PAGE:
I often work with teens who are somewhat discouraged about the future. The teen feels pressured to figure out what they want to do for the rest of their life.

The pressure comes from:

  • Having friends who know exactly what they want to do
  • Knowing that high school will come to an end
  • And yes, they feel pressure from us parents

In addition, teens worry about student debt, potentially hating college, finding a job after graduation, ending up with a job that they dislike, and their biggest worry – disappointing their parents. Even if you say, “I don’t care what you decide, I just want you to be happy,” the teen still feels you have certain expectations, and they want to live up to them.

I tell teens…it’s not about figuring out what you want to be when you grow up. There are some adults still trying to figure that out. It’s about learning and identifying what aspects of life do you and would you enjoy. Everybody has a unique path, and there are options. My goal is to take them from 1000 options to maybe five or ten.

I start off by getting the teen to dream big. There are no pressures, and they can design the life they want. I do this by having them answer these two questions below. You can use these with your own kids:

1.    What does success look like to you? Possible answers could include graduate from high school, live on my own, having lots of friends, having a nice car, getting married, having a family, etc.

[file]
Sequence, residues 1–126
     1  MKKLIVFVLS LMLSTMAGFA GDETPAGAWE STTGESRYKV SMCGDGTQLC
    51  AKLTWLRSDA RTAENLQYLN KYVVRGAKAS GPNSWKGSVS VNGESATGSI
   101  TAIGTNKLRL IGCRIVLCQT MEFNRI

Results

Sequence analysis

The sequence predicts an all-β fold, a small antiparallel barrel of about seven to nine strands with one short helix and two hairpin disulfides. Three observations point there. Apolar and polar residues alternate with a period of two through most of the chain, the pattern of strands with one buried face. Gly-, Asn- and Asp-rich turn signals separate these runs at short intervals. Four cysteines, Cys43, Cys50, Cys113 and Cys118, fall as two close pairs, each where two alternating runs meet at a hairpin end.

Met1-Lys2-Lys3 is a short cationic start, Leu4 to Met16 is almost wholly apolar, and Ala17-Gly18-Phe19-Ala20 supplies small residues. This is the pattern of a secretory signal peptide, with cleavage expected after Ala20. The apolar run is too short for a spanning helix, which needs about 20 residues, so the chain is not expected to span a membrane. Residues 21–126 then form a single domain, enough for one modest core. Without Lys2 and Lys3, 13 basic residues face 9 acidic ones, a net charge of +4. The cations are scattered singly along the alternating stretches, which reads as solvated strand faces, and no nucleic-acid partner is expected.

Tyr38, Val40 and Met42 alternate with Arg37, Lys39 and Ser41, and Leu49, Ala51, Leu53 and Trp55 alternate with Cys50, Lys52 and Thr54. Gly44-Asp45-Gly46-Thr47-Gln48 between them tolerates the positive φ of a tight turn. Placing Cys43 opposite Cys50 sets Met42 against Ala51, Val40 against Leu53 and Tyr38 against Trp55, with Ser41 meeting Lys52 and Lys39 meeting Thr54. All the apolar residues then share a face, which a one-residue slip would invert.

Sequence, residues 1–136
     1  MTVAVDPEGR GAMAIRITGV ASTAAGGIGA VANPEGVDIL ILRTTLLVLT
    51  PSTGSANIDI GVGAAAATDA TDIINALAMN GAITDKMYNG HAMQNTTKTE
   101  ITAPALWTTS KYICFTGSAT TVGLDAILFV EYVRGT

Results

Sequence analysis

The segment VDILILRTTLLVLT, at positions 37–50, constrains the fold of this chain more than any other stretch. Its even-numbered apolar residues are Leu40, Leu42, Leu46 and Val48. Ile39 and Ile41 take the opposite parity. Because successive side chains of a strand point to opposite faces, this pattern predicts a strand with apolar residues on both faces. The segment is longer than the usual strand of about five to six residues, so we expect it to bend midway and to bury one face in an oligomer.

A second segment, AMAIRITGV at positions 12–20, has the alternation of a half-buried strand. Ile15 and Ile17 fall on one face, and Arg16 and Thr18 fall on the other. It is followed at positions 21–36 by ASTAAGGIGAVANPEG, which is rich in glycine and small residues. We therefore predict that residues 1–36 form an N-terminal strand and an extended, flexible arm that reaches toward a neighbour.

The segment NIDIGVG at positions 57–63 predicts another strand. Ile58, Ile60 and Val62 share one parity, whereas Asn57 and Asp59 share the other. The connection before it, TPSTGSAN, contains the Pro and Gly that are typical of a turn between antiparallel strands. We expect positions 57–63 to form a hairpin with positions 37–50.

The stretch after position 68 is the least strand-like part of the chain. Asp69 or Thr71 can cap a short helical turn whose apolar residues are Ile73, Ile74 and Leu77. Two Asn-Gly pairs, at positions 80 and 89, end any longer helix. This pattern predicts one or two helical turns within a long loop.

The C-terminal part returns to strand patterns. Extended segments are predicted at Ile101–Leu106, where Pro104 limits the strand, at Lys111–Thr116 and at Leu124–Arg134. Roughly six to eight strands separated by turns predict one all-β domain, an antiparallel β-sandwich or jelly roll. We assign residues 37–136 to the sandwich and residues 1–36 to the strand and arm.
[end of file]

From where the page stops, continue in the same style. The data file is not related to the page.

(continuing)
2.    It’s ten years later and you are living your dream life. Describe how you are feeling. Who are you spending your time with, what are you doing for fun, what are some things you have acquired, and what have you achieved?

When you ask these questions, do not expect your teen to start spouting off a bunch of different answers. When I ask this question to teens, I get a deer in the headlights look. They have never thought about what they want in these terms before. Allow them time to think and get back to you with answers.

The important thing is that you are setting the stage for your teen to think positively about the future. From there, they can start figuring out what they want to do and how to get there.

If you would like even more tips on how to help your teen plan for the future, schedule a complimentary strategy session with me here.